So overall, “The Witch and the Tsar” was an okay read, but I’m not sure I got everything I could have gotten from it. Maybe I need to go grab that unopened book of Russian folklore off my shelf.
Me, I’m the reader frustrated by the aged-down Yaga! But before I get to that, let’s start with my general impression. Unlike Kate, everything about this book is directly up my alley, so it was a bit of a no-brainer that I was going to read it either way. But I was happy she suggested we joint review it, since I think that has left us in an interesting position now. Since…the very fact that this was up my alley might be why I wasn’t this book’s biggest fan? More precisely, I feel like I’ve read this book before and better versions of it.
For example, while I generally appreciate the commentary on wise women and healers and how these women were undercut by the incoming Christian church in its various forms, I’ve also read many, many fantasy novels that have covered this very thing. And in very similar, unfortunately better, ways. So for me, many aspects of this book just struck chords that were too familiar to other, better stories, leaving me in a constant state of comparison. A big one was “The Bear and the Nightingale” and that trilogy, a series that is also Russian history/folklore inspired and tackles these same conversion points between Christianity, old world religion, and the demonization of women who were healers or stood out in any other way.
Beyond that, I had a hard time connecting to Yaga. Yes, part of me was simply disappointed that she was a young woman because I’ve read a million and one novels about young women in fantasy and it’s always refreshing to read about different age groups (people over 30 exist! especially older women! things happen to them and there is a unique power and experience to be mined there!). But beyond that, Yaga, while still young-looking, is in fact meant to be quite old. And yet she routinely seemed to be quite naive in a way that I found hard to reconcile with the amount of lived experience she should have under her belt at this point.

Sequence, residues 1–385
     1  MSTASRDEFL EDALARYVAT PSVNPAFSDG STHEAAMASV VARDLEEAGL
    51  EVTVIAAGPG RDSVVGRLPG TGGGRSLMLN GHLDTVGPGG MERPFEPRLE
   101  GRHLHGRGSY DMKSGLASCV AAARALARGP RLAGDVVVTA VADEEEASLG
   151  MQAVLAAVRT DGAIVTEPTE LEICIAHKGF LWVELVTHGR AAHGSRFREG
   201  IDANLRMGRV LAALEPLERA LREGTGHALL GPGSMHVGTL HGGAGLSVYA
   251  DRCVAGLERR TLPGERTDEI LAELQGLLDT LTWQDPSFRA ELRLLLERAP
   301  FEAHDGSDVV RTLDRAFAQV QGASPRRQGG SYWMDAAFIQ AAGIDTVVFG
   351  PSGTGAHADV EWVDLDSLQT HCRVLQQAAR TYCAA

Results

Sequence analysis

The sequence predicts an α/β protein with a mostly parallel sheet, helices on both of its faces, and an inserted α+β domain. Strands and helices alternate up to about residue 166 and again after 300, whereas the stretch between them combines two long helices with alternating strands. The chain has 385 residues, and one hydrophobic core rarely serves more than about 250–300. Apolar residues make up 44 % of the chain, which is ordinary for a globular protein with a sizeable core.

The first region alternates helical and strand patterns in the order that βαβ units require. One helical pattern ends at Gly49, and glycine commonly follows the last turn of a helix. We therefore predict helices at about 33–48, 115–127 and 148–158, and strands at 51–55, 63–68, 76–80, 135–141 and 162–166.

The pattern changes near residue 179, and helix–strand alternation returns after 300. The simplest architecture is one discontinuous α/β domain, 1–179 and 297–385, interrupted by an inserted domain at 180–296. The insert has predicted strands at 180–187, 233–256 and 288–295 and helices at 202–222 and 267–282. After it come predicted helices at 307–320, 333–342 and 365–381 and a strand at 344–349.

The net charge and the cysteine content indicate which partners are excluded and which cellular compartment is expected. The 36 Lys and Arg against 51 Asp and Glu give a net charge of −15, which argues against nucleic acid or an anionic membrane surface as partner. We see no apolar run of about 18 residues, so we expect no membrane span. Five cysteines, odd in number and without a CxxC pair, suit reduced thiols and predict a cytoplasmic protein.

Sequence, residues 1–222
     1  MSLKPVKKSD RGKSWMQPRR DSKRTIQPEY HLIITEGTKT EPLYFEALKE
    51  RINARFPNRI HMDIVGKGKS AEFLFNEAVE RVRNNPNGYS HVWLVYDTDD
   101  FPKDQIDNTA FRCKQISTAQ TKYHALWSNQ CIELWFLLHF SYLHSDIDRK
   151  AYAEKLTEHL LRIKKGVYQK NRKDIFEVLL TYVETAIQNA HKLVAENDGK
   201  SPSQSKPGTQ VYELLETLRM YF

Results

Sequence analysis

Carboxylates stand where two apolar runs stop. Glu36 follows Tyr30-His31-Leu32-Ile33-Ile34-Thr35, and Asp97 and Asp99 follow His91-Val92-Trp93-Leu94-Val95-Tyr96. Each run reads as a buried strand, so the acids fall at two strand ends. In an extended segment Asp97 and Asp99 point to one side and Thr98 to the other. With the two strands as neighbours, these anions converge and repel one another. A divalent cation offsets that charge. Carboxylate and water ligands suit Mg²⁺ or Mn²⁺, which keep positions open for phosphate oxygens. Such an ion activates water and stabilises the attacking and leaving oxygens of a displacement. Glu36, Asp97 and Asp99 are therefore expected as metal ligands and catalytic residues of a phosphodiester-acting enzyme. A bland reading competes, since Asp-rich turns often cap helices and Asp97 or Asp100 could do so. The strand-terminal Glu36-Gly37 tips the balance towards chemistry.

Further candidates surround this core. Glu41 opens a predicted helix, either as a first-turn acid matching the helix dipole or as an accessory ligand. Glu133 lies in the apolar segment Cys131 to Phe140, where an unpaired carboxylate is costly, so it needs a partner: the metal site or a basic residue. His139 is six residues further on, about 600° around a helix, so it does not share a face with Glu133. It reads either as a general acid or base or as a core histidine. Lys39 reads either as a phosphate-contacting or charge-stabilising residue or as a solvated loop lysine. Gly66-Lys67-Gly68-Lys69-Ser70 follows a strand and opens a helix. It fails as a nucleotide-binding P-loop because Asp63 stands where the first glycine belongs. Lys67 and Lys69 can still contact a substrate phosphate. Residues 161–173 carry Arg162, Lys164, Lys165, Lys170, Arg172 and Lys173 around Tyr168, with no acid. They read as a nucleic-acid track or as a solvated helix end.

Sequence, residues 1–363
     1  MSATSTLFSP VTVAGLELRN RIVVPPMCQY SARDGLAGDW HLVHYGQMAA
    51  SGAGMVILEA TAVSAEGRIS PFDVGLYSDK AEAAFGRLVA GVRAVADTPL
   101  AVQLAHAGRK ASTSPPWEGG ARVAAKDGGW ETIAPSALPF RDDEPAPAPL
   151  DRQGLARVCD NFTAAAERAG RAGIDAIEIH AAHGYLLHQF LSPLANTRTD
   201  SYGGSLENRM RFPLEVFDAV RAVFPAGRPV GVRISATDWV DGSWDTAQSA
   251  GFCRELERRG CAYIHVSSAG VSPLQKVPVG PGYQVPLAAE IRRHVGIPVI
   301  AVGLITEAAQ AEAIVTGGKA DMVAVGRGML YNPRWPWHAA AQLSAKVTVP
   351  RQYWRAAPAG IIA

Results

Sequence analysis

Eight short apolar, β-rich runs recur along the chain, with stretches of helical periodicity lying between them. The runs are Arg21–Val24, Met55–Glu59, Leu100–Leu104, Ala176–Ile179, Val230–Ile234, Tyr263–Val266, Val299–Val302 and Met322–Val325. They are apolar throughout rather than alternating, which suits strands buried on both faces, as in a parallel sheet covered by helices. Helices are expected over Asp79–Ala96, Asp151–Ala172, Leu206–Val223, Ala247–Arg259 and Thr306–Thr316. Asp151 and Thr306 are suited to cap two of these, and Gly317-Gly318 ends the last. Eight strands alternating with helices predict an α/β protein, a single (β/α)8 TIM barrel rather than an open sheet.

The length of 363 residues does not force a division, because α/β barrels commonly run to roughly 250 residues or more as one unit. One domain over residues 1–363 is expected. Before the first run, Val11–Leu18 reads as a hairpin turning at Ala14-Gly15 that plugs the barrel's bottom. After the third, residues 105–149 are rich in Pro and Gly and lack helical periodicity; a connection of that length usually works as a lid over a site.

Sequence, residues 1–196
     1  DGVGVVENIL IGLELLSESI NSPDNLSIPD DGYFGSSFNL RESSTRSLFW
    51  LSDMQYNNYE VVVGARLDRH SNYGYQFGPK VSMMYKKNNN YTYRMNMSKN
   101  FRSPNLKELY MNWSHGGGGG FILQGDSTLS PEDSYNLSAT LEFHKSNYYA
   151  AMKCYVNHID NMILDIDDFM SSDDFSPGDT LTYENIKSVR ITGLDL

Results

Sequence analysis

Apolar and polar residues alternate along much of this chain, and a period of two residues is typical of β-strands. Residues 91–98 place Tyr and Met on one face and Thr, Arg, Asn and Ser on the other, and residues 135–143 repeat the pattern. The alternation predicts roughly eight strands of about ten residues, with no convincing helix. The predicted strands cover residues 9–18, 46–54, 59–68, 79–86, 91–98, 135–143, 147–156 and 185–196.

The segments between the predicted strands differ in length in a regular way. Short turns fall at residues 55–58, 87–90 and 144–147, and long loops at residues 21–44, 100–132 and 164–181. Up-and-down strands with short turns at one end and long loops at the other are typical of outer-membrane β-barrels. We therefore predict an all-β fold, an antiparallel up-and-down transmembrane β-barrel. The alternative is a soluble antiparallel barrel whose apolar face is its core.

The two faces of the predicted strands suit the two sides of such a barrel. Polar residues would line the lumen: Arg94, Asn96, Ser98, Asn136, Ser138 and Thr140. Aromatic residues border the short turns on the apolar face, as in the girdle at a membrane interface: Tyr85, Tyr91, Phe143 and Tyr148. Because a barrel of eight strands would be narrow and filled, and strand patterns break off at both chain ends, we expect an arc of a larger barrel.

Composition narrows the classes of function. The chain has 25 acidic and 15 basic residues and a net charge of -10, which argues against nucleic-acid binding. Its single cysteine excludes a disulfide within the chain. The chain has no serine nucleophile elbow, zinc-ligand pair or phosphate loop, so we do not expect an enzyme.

I also wish we had gotten a bit more from the Russian folklore, as Kate mentioned. I’m pretty familiar with a lot of it, simply due to the fact that it’s had a bit of a run recently as a go-to in fantasy fiction. But there were certain elements that I felt were just plunked down into the story without much thought or creativity. Like the house with chicken legs just kind of appears? I’ve read some pretty interesting takes on this entire concept (Orson Scott Card’s “Enchantment” probably has the most creative one I’ve seen at this point), but this book just seemed to skip over some of these opportunities.
All in all, my conclusion is the same as Kate’s. This wasn’t a slog of a read by any means, but by the time I finished it, I realized I spent most of the book thinking about other, similar stories and wishing this was more like those.
Kate’s Rating 6: I liked Yaga as a protagonist and I liked the way Gilmore subverted Russian myth and folklore, but it felt ambling at times, and I think I would have gotten more if I were more familiar with the mythology.
Serena’s Rating 6: If you haven’t read much Russian fantasy folklore, this might appeal to you. But there are better examples out there that left this one feeling uncomfortably derivative at times.
“The Witch and the Tsar” is included on the Goodreads lists “Mythological Re-Imaginings” and “Wise Women, Witches, Midwives, Healers, and Strong Girls”.